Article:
The opening pantomime is efficiently handled (compare the ABT Le Corsaire—and these are children). The Dance of the Snowflakes echoes Scherzo à la Russe. The Dance of the Sugar Plum Fairy has about three ideas turned at an angle that gives an impression of force commensurate with her powers. The danseur cuts a figure in the Chinese Dance that resembles Chinese characters.
There’s a prodigious little elaboration of Balanchine’s articulated hips, and gags that are very elegant or very funny. The pas de deux has a ballerina on one toe drawn across the stage; Mother Ginger (who also has “so many children she doesn’t know what to do”) powders her face lavishly.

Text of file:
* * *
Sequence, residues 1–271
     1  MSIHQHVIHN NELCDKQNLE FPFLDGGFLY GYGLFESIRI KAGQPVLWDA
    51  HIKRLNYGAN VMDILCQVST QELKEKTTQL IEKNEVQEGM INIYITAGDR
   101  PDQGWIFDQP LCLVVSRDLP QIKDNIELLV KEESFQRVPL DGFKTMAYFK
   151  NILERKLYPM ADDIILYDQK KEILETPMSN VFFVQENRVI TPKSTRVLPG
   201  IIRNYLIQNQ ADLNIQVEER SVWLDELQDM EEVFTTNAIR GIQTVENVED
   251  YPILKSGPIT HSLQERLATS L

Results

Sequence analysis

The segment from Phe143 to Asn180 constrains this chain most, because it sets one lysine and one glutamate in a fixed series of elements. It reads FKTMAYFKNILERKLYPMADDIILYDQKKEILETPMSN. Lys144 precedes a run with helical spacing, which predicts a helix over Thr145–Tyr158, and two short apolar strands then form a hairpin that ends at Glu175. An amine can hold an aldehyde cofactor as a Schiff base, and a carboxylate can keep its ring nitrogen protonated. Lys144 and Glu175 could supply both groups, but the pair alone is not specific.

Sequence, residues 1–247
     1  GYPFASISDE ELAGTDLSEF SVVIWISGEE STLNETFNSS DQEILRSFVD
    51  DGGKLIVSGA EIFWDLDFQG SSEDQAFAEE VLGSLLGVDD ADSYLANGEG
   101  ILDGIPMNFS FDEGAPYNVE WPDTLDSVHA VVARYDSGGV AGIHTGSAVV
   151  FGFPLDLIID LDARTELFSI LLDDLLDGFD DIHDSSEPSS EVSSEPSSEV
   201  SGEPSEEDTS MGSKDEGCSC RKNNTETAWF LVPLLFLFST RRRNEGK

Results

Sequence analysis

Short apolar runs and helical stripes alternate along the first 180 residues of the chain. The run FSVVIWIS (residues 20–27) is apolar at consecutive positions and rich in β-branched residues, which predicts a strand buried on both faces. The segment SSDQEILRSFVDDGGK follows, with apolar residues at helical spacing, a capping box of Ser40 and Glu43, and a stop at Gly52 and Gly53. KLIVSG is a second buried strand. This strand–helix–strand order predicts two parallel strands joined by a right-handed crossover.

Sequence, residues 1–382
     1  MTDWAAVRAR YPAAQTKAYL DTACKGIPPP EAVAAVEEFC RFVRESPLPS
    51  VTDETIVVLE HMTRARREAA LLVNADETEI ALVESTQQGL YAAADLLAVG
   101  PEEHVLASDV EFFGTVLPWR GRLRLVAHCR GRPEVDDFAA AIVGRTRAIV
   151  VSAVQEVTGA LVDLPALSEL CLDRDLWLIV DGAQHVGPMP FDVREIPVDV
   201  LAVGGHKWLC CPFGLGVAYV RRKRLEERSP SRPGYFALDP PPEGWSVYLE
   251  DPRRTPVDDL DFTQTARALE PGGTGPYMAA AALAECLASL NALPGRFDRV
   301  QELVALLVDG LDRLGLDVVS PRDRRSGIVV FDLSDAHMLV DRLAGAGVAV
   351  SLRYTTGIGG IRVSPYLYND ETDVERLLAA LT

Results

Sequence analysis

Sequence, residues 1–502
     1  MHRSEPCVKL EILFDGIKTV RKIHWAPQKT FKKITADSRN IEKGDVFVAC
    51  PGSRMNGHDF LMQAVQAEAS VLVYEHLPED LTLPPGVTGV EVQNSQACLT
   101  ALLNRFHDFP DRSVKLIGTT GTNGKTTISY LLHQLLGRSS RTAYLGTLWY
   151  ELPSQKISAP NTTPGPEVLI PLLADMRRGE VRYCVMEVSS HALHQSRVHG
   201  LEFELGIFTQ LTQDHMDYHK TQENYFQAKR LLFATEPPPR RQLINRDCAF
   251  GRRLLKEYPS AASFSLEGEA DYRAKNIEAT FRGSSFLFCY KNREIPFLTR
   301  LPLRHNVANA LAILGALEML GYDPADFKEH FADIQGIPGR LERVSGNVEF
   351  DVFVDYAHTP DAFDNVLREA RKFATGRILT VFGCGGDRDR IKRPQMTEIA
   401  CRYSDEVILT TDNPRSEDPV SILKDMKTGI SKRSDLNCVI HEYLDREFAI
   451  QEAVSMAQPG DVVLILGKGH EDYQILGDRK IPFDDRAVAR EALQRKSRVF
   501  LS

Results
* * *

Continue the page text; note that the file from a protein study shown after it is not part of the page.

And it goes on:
The direction attempts to render Peter Martins’ stage production, and has its points as seen on television—in a theater, one has high hopes that Ardolino’s “many and various” choices of lens will all prove correct ones.
Tchaikovsky’s music is familiar to the point of contempt, principally Roger Ebert’s. It took Stravinsky to value so much invention at its worth.